Another thing you can do with your bank is to show them a graph of your basic budget actual and different successes. Make it easier to read. When you send people just raw financials, that's boring. Banks see that kind of thing all the time. It's really hard to look at, for them, so they're just gonna look, just to take a quick glance. Instead, hammer home what you want in the form of a graph, some kind of graphical tool. For example, let's say you bought the RV park and the revenue when you bought it was $100,000 a year. Now you're 12 months in, and now you're at $120,000. Well, instead of writing those numbers down, why don't you just show two bar graphs. Bar graph when you bought it and bar graph today, you can even color code that part of the bar graph that extends beyond when you bought it to show how much additional profit you had made. People love those things, they love bar graphs and pie charts, anything that makes looking at information easier and frankly, more interesting. Do not be afraid to graph that out for people, they really like that.
And also don't forget the power of a meal if possible, see if you can have a periodic lunch or dinner with your banker. It's not hard. It's not that expensive, it might cost you to take your banker out to lunch, what? $20, $30, and thats if you take them to a really nice lunch, I've had lunches with bankers where I end up going to the Dairy Queen near the property, things like that. They're perfectly happy with that. When you have lunch with your banker or dinner with your banker, it gives you time to discuss what's going on with the property, and once again to build great bonding. So there really isn't too much bonding you can create with your banker. Now, why should you? Why should you put out the effort, I'm describing? Why send quarterly reports? Why go and spend $25 having lunch with your banker, why would you even do those things? Well, let's just describe that for a moment, and what the benefits are.
Let's assume you buy your RV park and things are going great, and there's some national calamity. We've already seen COVID. Now, COVID actually helped RV parks. I don't know what the natural could be, but let's say we have some crazy thing and I don't know what it could be, a gigantic fire of some type, and there's a disruption to your RV parks business or there's a decline in the revenue. You think a banker that you've bonded with is more likely to say, "Yeah, that's okay, we understand. We'll work around it will abate a few payments in a certain period." You bet they would.
Let's assume you have a giant flood, there's damage to your RV park, now you need to borrow extra money to fix the damage, who do you think would be more likely to give you that loan, a banker which are nothing more than just a name or someone that you have a relationship with. Of course, once again, if you bonded with the banker, then you're gonna get probably that extra loan to get your park put back, and let's assume you're looking to buy another RV park, and then suddenly you need to get a loan on it. Who do you think can get that thing done in a more timely fashion, let's assume that the salary is on a very tight schedule, you can get a great deal on the RV park, but the problem is, you have to close by a certain date. And that's very soon approaching, who do you think is more likely to get that loan done for you on that expedited basis, the lender you have great bonding with, or the lender you've never even talked to before, the bottom line is you will sleep happier and more soundly at night, and you will have a much more successful RV park career, and you might meet interesting people that you really enjoy and look back on your death bed and say, "Wow, I'm really glad I got to know that person."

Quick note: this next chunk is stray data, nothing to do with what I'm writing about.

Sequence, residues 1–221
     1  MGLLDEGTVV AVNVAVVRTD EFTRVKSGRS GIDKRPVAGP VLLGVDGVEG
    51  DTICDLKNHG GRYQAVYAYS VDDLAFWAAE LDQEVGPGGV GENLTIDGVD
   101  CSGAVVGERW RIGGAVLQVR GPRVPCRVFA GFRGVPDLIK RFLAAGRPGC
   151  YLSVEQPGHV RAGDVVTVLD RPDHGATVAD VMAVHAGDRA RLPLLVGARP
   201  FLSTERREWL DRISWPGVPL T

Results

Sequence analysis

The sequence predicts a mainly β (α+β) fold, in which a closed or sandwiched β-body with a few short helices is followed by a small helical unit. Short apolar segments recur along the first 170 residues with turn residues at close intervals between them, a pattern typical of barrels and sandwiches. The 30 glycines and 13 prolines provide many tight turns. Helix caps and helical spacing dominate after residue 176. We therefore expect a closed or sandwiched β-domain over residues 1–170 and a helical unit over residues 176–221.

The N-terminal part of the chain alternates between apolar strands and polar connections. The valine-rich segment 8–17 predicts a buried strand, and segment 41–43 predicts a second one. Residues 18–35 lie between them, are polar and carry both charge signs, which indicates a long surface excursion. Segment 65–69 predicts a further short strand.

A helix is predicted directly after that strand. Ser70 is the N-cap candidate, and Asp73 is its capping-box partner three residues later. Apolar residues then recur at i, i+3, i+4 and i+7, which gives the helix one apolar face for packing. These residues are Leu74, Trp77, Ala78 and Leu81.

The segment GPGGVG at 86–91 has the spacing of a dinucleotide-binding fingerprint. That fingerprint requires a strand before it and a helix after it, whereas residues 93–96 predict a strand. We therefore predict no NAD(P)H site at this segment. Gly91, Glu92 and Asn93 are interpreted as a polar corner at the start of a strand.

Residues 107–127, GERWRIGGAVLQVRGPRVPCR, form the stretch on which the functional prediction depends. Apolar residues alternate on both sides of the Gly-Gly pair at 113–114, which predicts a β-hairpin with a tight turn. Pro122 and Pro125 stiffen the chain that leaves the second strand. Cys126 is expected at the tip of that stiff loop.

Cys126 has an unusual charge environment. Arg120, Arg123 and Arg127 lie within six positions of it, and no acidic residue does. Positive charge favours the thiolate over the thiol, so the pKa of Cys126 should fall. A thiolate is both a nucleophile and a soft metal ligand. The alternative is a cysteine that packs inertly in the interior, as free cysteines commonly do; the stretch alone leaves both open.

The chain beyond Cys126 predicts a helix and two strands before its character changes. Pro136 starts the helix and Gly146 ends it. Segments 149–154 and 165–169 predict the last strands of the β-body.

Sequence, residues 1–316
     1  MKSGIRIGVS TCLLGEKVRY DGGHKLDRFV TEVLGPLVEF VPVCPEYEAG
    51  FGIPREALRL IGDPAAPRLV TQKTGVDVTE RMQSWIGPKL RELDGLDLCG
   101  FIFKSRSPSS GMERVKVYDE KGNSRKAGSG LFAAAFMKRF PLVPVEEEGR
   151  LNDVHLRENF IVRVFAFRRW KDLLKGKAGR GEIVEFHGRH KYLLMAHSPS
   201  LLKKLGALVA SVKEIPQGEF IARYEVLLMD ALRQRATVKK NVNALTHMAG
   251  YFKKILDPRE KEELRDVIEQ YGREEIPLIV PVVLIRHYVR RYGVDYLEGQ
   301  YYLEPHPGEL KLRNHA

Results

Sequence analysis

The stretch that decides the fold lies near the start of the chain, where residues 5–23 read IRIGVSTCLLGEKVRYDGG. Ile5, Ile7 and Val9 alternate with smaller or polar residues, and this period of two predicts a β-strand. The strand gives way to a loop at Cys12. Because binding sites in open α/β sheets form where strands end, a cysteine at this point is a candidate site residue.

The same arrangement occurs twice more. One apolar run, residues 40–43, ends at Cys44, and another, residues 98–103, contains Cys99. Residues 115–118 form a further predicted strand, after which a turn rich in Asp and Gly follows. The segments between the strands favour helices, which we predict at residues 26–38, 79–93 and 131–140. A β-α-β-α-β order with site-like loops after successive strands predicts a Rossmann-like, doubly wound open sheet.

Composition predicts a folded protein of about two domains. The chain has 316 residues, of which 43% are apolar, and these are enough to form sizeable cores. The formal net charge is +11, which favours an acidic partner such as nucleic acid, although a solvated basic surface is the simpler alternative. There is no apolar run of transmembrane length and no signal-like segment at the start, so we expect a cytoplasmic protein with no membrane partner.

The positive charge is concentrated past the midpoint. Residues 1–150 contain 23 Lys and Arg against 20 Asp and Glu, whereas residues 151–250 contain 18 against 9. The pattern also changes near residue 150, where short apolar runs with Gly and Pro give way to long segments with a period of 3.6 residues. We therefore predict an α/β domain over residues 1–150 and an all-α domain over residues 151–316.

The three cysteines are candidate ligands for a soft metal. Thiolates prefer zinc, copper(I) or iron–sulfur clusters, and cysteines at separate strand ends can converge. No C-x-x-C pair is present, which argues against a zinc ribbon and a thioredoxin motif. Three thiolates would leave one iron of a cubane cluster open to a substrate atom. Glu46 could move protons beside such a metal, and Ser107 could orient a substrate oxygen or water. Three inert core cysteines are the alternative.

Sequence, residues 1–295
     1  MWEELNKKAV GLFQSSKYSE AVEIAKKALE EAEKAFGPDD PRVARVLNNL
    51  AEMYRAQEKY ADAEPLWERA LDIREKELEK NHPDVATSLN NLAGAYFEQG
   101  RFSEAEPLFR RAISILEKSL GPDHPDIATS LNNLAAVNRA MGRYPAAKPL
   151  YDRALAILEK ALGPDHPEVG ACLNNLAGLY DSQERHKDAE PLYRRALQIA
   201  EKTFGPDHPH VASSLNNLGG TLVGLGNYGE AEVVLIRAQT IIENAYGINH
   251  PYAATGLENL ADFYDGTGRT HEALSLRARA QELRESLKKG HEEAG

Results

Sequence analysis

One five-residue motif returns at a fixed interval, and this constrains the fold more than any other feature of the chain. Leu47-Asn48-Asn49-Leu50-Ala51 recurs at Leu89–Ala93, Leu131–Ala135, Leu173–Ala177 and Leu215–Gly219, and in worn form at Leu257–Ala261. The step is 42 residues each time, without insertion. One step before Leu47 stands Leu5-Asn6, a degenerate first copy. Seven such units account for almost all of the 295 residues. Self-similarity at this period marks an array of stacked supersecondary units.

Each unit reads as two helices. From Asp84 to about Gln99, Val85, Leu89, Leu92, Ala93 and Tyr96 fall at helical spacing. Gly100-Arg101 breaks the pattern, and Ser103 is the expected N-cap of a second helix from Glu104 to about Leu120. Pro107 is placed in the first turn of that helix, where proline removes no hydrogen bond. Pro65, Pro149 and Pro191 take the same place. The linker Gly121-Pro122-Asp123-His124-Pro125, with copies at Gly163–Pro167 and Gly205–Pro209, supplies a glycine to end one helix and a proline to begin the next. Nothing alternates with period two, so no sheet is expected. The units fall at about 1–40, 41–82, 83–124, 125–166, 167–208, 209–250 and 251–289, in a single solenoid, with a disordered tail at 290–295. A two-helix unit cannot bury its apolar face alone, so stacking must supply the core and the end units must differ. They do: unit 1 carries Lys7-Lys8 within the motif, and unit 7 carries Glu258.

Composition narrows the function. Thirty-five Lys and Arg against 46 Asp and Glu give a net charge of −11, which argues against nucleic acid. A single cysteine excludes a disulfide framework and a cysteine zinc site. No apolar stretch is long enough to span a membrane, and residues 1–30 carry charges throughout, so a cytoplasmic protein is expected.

If you'll put forth the effort to bond with your banker. And one final note, you know there's probably no greater source of good financial information than your banker. Banks typically and particularly most older banker's life time, they've seen so many businesses, they've seen ones that have succeeded, they have seen ones that have failed, they've been through any number of cycles of boom and bust in the American economy. These are people who are extremely knowledgeable and when they give you their thoughts, those are really valuable thoughts. If I was trying to make a decision, who would I talk to? A banker. I once had to decide on a property, should I buy it or should I not. Who did I go to? My banker. Why? Because he was gonna do the loan on the deal? No, that wasn't why, 'cause banks have really good decision-making capabilities because they just have seen so much in volume.
You've only seen the trials and tribulations of your life span and businesses you've been involved in, or properties you've been involved in, but they've seen them by the hundreds and by the thousands, they're also probably ahead of you as far as the in-depth knowledge of interest rates and other issues that have a lot of importance on the real estate industry. The bottom line is we all need to always focus on and spend time bonding with our bankers, it's a very, very important part of being a successful RV park owner. This is Frank Rolfe, the RV Park Mastery Podcast. I hope you enjoyed this. Talk to you again soon.